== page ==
First found on the east side of Glenview in Nov. 2008, the Village has struggled with emerald ash borer for nearly four years. In total, there are 5,000 ash trees on Village-owned right-of-ways and parkways and more on private land.
To assist the Village in replacing trees devastated by the beetle, Glenview has been awarded a $20,000 Illinois Urban Forest Restoration Grant, with funding from the U.S. Forest Service, Communication Director Lynne Stiefel explained in a recent media release.
Emerald Ash Borer has been a mounting issue throughout the region for nearly a decade and more than 300 infested Glenview parkway trees have been removed since 2008.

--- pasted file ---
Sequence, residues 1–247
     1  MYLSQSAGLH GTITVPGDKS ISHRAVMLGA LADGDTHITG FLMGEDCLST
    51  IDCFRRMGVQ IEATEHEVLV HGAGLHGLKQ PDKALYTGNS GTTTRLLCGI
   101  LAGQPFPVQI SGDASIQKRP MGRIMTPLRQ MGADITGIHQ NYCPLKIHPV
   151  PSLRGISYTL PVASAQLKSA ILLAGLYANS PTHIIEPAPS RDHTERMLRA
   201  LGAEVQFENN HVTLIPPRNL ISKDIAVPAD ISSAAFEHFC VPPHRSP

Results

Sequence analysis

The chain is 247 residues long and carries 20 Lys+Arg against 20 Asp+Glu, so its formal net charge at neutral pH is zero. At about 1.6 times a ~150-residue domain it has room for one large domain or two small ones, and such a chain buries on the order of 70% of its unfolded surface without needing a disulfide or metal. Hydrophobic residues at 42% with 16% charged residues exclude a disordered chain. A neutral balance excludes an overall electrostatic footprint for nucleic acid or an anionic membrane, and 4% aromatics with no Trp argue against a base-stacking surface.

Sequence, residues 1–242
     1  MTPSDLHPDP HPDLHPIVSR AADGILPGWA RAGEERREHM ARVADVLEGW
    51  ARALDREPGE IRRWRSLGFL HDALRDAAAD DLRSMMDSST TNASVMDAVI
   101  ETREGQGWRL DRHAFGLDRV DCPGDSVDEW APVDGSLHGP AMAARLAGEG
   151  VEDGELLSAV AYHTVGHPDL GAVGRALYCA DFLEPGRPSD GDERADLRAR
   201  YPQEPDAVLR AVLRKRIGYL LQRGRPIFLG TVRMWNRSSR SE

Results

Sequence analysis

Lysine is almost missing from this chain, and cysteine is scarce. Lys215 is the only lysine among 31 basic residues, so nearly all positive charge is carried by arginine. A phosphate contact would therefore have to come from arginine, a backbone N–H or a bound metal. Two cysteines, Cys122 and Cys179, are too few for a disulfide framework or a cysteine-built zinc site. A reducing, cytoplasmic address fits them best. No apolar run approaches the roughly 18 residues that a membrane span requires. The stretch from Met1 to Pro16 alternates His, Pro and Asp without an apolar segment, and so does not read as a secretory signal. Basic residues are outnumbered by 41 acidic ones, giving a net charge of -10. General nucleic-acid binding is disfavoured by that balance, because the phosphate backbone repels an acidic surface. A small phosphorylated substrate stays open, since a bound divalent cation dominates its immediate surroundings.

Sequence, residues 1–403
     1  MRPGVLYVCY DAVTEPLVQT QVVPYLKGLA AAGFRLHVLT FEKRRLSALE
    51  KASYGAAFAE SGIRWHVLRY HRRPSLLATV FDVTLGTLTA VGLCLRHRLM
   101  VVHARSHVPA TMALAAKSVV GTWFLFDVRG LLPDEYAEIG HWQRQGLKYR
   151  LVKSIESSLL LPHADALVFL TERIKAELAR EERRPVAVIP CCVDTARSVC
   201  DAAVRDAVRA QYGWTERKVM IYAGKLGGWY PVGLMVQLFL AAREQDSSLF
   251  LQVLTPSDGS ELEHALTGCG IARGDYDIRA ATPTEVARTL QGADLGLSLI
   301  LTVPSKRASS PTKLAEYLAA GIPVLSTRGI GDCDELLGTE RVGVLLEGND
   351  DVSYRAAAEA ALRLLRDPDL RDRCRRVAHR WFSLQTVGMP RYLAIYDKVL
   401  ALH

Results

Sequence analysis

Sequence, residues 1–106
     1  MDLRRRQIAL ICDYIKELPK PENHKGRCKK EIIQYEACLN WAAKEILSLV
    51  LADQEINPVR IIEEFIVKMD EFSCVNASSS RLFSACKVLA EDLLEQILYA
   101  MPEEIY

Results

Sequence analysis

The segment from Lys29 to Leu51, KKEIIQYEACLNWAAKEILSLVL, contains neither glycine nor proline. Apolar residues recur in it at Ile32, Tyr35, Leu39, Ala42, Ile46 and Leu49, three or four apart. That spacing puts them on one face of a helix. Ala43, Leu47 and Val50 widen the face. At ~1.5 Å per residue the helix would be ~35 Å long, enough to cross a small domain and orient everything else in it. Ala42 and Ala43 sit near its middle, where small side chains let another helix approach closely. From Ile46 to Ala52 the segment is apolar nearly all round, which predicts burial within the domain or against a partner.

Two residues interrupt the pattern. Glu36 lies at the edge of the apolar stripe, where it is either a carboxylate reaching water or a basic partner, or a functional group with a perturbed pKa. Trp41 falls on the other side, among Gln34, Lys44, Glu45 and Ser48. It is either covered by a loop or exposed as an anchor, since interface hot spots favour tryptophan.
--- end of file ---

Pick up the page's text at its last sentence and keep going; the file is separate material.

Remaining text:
After laying its eggs on bark, larvae hatch, chewing through the bark and feeding underneath. This destroys the tree’s vascular system and its ability to circulate water and other nutrients.
The devastating beetle is native to Asia and is thought to have arrived in the U.S. by way of wood cargo materials, according to the Illinois Department of Agriculture. To date, more than 15 million North American ash trees have been killed.
The Village will replace the ash trees with different species, Stiefel said, and plans to participate in the Legacy Tree Project, allowing free insecticide treatment for more than 200 ash trees on parkways through 2014.
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